Veterans

January 8, 2014

Reservist leads project to connect American public, veterans

The idea germinated shortly after Navy Reserve Lt. Cmdr. Daniel Bernardi returned from a 10-month deployment to Iraq.

A professor and chair of San Francisco State University’s cinema department, Bernardi found a distinct disconnect between the Special Forces soldiers whose operations he had spent much of his deployment documenting and the civilian community he had re-entered.

“I was honestly disturbed by the fact that people in the general population are not connected to these wars,” he said. “You can watch the news, and you wouldn’t even know that we are in Afghanistan.”

The disconnect ran particularly deep in academia, where Bernardi said he found that many of his colleagues carried deep and often negative stereotypes about service members and veterans.

Bernardi’s concern was two-fold, he explained. A public detached from the men and women in uniform can’t fully understand or appreciate who they are, what they do and how their service shapes who they are. From a national standpoint, that insulation from the realities and ultimate cost of war might make people less averse to jumping into future conflicts, he said.

So leveraging his decades of experience in the film and documentary field and his position as director of San Francisco State’s Documentary Film Institute, Bernardi launched the Veteran Documentary Corps. He called on the industry’s most accomplished filmmakers and a pool of mostly volunteer labor for an ambitious, first-of-its-kind project to capture the veteran experience on film.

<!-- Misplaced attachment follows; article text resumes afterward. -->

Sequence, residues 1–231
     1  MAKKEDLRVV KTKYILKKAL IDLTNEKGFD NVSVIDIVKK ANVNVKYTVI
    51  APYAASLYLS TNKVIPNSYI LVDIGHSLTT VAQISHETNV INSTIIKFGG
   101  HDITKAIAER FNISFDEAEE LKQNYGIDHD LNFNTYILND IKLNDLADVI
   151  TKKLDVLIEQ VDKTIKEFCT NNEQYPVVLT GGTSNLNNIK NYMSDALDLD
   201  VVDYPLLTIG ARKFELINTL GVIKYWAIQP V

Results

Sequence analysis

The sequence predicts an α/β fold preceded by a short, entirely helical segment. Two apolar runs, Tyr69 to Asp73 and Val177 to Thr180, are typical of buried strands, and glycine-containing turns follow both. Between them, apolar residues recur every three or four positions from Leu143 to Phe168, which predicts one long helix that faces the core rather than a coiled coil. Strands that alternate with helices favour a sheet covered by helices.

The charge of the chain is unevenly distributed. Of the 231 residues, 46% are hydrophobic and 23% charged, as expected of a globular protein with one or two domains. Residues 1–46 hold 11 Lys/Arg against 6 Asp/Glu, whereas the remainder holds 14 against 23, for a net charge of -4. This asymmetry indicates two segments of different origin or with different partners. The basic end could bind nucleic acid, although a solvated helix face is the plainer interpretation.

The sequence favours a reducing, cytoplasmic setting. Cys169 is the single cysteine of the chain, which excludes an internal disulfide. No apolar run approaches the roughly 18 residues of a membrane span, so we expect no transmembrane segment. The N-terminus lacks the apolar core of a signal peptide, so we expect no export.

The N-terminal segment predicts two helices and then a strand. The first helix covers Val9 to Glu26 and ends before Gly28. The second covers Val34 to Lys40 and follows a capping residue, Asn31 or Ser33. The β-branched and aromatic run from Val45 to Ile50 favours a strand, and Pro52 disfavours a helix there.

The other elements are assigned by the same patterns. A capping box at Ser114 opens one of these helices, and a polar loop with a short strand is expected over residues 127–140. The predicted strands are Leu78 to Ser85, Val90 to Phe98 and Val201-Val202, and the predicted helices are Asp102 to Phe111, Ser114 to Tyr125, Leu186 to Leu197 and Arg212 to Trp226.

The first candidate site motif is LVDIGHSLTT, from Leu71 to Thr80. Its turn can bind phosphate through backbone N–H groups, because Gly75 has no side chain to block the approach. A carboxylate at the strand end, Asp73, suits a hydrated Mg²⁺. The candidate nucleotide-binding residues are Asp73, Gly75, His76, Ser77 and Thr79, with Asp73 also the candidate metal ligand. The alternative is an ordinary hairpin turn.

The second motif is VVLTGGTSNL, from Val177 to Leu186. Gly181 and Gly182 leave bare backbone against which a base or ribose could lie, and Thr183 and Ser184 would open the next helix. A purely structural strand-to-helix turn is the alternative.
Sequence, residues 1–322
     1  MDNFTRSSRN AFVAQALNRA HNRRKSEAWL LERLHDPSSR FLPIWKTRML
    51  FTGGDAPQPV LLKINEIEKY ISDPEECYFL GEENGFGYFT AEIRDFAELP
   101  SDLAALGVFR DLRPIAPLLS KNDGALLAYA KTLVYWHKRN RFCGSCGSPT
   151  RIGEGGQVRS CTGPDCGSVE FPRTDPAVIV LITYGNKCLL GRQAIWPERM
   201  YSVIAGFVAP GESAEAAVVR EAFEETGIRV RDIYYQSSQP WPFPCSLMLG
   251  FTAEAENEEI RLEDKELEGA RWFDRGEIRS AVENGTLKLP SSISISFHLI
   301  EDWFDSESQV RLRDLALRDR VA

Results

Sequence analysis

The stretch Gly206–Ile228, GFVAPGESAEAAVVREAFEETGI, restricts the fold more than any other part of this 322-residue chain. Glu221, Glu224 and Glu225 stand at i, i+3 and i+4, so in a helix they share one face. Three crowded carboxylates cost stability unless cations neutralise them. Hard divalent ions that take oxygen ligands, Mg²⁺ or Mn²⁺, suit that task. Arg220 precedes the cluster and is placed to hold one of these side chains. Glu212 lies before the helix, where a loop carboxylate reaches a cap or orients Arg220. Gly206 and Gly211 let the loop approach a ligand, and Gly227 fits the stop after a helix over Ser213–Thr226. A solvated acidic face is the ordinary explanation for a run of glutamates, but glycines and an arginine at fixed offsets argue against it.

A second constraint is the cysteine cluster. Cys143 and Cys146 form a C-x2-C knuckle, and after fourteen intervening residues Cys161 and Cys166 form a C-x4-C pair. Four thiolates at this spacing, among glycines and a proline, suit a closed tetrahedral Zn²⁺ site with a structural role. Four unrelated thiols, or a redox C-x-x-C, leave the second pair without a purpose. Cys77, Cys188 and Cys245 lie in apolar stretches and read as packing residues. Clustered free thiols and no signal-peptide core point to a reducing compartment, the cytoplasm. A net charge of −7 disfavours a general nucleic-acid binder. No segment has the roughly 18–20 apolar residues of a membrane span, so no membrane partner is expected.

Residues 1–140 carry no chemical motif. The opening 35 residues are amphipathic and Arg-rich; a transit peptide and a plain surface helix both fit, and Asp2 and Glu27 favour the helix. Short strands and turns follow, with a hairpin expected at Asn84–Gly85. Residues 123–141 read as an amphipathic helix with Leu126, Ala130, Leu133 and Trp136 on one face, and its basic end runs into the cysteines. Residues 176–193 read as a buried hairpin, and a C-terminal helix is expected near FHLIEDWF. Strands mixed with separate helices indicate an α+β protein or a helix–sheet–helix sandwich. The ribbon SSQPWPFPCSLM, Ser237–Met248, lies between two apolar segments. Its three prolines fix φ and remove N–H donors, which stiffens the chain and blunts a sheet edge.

The concept, he explained, was to produce an online library of professional-quality short films about veterans, their time in the military and their experience returning to civilian life.

Bernardi recognized from the start that a few personal stories wouldn’t fully capture the breadth of the veterans’ experience. So he set out to tell it through documentaries of 100 veterans of every U.S. service dating back to World War II. Ultimately, he hopes to expand it to include veterans of other countries’ militaries as well — perhaps a Chinese veteran and a Russian veteran who served in the Chechnyan conflict.

“Part of my goal was to educate people about the profound diversity of veterans … and to help them understand the whole range of veterans’ experience” – the hopes and dreams, the pride, the horrors, the disappointments, the challenges of redeployment, Bernardi said.

So far, seven documentaries have been completed and are posted on the project website at http://veterandocs.org. Several more are in production and are expected to be added soon. After that, Bernardi’s goal is to release one documentary each month, and, if the funding comes through as hoped, one every two weeks until all 100 are completed.